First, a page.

The artists themselves would learn the lesson and retool it for their own purposes. Le Corbusier drilled modernist architects into the CIAM (Congrès Internationaux d’Architecture Moderne) in 1928. For the first time, art had a movement organized on political lines, with manifestos, rules, solemn congresses, and a publicity machine.
Le Corbusier’s personal politics, like his ideas for redesigning cities, were profoundly totalitarian. He kept it vague enough, though, hedging his bets so that he could serve whatever new masters—communist or fascist—might eventually emerge in Europe. (During the war he would serve Vichy.)
More importantly, in an increasingly academic and hierarchical world, he and his followers saw that the road to ideological triumph lay in gaining control of the new positions of influence—professorships and critic’s columns. When modernists started pouring out of Nazi Germany into America after 1933, that is just what they did, infiltrating and then taking over the architectural schools, eventually imposing their creed on a country where nearly everyone despised it.
They and the cheerleading critics who passed through their schools have ruled American architecture ever since. Other art movements eagerly learned the same tricks. Interestingly, many of the early protagonists were communists such as Clement Greenberg, the highbrow critic who almost singlehandedly foisted Abstract Expressionism on an unsuspecting world in the 1940s.
Like any good communist, Greenberg was well-schooled in agitprop techniques. He popularized the terms “avant-garde” and “kitsch” in the US, fashioning them into the precise aesthetic counterparts of “progressive” and “reactionary.” If not committed to the first, you were obviously mired in the second.
And on and on, right up to the thrones and dominations of Sham Art that squat above the big galleries and art schools today. Sham Artists, though most may still be fashionable Sham Radicals, no longer worry about taking over the world. Today they’re little more than hipster nihilists, glad to hold the role of anointed tastemakers and positively itchy for any chance of a good strong pull on the public teat. They’ll lecture us philistines about what art really is, knowing all the while that every work they create, every essay they write, is a juicy hocker spat in art’s face.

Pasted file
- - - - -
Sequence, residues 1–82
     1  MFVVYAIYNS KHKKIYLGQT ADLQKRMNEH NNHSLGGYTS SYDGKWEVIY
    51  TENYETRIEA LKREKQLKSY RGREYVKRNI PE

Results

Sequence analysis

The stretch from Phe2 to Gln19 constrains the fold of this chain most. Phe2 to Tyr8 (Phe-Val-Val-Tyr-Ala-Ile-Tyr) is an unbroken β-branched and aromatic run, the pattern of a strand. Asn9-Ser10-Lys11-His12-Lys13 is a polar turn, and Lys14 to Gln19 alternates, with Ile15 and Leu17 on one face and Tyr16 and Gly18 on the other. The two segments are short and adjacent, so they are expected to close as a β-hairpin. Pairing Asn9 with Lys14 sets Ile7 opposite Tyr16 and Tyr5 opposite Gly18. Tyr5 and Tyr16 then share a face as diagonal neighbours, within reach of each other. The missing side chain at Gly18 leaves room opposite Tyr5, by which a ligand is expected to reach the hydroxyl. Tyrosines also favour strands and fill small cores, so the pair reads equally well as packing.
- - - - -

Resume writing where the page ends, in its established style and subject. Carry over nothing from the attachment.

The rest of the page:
How do we get rid of them, short of some cathartic mob violence? That’s the real joke—we can’t. This bizarre virus, this self-organizing, self-replicating, cancerous intellectual cabal, is a disease that only appears in free, open societies. No cure has yet been found, though after all the sound and fury of the bloody 20th century we at least seem to be building up a little resistance. Maybe it’s time to dust off that old tutu in the back of your closet; maybe all we can do is laugh.
Copyright 2013 TakiMag.com and the author. This copy is for your personal, noncommercial use only. You can order reprints for distribution by contacting us at firstname.lastname@example.org.